As kidnappings occurred, relatives of those kidnapped would quickly inform the police and security services of the incidents. But, according to Abu Waheed, all the security services would do is to “specify the last location of the victim’s cell phone, or give information about the group that kidnapped their relative in the case that there was information available, without taking any further action.” 

“[The security services] would tell people: remove the thorns with your own hands [deal with it yourself].” 

Ransoms paid range between one and ten million Syrian Lira ($1,940-$19,400), and in some cases, it reached as high as 50 million Syrian Lira ($97,000), according to Ma’aroof, 

In addition to ransoms providing an incentive for kidnapping, two sources from local military factions in Suweida that spoke to Syria Direct accused “the Syrian government and its security apparatuses of being behind many of the kidnappings and the widespread chaos in the governorate.” 

According to a source in the media department of the local armed group ‘Rijal al-Karama’ (Men of Dignity), “the role of the corrupt security services in supporting and covering for the gangs is no secret. The security forces are also being negligent in their responsibilities and are failing to carry out their tasks to maintain security in the region and prosecute gangs, which leads to suspicion.” 

More than that, a source from another local armed group, ‘Quwat Shahba al-Karama’ (Shahba al-Karama Forces), said that “the security apparatuses and the factions aligned with them in the Jabal [Jabal al-Druze] are working to ruin the governorate and destroy [its] social fabric, [in order to] pressure young men to join the army and militias loyal to the government under the pretext of defending the governorate, as local factions failed to preserve its security.” 

However, the source insisted that: “The regime will not honor its promises [to deploy the soldiers within the governorate] and will make our young men fight in Idlib and the countryside of Hama.” 

Since 2011, dozens of local armed groups have appeared in Suweida, undertaking the task of defending the governorate and maintaining internal security, while other militias have followed Damascus’s orders and participated in military operations against opposition factions in the province. 

In recent years, the government has, for the most part, turned a blind eye to those men in the Suweida who have avoided the mandatory draft and those local factions that work independently of government forces.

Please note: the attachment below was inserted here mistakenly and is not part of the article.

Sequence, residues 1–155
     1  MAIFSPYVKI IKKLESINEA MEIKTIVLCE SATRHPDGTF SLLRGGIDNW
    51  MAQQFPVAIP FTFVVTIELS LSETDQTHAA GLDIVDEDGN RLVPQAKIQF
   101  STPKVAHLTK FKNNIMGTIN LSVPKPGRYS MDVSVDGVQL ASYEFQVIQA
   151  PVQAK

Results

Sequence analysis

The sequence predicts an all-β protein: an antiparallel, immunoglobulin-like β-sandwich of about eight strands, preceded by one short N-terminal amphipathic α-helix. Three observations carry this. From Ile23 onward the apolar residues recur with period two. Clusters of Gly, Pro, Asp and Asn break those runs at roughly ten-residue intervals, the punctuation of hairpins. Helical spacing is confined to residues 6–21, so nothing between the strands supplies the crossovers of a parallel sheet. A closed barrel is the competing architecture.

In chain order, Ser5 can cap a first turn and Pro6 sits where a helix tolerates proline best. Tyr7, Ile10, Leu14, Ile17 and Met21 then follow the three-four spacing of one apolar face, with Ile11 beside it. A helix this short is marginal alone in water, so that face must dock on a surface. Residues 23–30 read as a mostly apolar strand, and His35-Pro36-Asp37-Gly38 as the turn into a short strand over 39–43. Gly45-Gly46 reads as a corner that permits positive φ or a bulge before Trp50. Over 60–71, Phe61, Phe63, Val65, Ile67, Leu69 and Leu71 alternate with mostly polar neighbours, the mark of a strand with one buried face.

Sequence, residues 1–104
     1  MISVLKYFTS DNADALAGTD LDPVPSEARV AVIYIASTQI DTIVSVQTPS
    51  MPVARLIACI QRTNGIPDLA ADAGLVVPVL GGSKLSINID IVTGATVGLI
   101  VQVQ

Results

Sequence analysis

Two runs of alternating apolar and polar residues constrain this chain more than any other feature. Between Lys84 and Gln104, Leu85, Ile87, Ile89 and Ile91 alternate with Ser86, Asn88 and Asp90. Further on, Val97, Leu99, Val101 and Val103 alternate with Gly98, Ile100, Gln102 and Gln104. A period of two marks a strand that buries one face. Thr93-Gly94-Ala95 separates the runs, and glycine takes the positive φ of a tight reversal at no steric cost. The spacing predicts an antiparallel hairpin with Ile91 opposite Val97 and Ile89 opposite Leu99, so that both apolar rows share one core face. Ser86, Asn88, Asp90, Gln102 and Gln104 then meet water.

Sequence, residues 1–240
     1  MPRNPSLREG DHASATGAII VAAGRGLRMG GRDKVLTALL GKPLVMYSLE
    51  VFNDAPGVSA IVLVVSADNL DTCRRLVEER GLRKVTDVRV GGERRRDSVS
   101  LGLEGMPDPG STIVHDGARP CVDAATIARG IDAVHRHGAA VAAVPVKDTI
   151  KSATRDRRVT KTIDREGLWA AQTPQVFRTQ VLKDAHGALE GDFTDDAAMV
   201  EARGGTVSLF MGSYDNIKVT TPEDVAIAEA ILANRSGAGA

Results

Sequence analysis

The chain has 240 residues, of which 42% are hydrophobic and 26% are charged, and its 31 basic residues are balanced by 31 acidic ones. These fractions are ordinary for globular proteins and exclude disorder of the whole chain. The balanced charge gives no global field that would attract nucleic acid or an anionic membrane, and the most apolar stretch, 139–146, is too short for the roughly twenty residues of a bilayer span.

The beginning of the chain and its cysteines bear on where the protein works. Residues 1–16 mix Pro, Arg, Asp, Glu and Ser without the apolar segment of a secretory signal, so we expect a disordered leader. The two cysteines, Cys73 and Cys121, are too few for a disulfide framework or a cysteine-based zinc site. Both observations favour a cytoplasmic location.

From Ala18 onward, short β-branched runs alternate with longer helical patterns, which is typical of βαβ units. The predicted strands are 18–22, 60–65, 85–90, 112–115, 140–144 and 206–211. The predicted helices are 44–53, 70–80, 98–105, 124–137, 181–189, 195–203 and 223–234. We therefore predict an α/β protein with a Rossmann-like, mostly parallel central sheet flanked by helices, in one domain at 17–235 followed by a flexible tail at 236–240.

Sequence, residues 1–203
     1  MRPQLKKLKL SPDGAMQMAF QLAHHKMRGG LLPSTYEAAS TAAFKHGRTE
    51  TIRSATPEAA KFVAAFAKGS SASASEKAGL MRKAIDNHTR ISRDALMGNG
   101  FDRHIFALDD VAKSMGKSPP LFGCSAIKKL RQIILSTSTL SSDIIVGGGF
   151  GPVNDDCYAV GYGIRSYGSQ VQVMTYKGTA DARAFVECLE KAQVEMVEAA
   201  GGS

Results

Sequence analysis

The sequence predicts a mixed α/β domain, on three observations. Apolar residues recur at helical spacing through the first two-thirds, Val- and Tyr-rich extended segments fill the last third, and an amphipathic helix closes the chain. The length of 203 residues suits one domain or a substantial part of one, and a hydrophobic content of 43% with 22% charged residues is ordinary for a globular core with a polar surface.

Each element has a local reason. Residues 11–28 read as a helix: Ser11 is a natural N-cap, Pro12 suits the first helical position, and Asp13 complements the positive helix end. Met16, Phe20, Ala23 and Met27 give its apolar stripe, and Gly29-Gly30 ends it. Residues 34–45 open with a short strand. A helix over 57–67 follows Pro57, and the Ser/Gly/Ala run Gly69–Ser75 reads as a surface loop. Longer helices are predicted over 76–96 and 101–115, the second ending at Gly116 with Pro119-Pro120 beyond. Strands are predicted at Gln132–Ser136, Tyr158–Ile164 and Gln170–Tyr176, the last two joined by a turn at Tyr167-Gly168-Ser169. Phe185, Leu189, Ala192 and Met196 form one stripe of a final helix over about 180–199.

However, in November 2018, after the freeing of women and children that had been kidnapped by ISIS in Suweida, Bashar al-Assad called for the people of the governorate to fulfill their obligations and obey their military drafts.

“No one among us defends his village or his province … We defend Syria or we don’t defend [anything at all],” al-Assad said in a meeting with some of the freed victims and their families. 

In the same vein, on July 21 a Russian delegation visited the Suweida governorate building in an attempt to encourage the young men of the governorate to join the army and complete their mandatory service. The delegation also discussed “the issue of reconciliation in the southern region,” according to ‘Suwayda 24’. 

Social and economic consequences

Kidnappings incidents in southern Syria have, occasionally, contributed to sectarian tension between the residents of (Sunni) Daraa and (Druze) Suweida provinces. Such tension, however, was historically diffused through the efforts of dignitaries in both provinces who have deeply-established relations that include joint resistance to the French occupation in the 20th century. 

On another hand, Suweida, like all other rural areas in Syria, is governed by deeply rooted traditional and ethical rules. Violating these rules, especially by kidnapping visitors of the governorate, is widely seen by the Druze as extremely shameful and as something that could isolate the people of Sweida from the rest of the country, according to Abu Waheed.

Nonetheless, many Internally Displaced Persons (IDPs) from other Syrian provinces have decided to leave out of fear of being kidnapped. IDPs have been the preferred targets of local gangs, according to Ma’aroof. 

In addition, many traders avoid Suweida, especially after several trucks were robbed and other traders were kidnapped by local gangs. This has led to “an increased economic decline [in] the governorate, which can be felt in the increased prices and a lack of investment,” according to Ma’aroof.
However, the source from the ‘Men of Dignity’ emphasized that “all of the notables in the governorate, from all backgrounds, are cooperating to arrest and prosecute those individuals from gangs.”